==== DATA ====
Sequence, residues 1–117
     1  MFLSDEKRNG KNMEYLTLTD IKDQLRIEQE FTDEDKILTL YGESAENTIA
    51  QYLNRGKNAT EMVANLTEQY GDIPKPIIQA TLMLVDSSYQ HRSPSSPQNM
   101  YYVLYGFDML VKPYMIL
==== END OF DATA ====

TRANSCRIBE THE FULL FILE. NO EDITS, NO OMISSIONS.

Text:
Sequence, residues 1–117
     1  MFLSDEKRNG KNMEYLTLTD IKDQLRIEQE FTDEDKILTL YGESAENTIA
    51  QYLNRGKNAT EMVANLTEQY GDIPKPIIQA TLMLVDSSYQ HRSPSSPQNM
   101  YYVLYGFDML VKPYMIL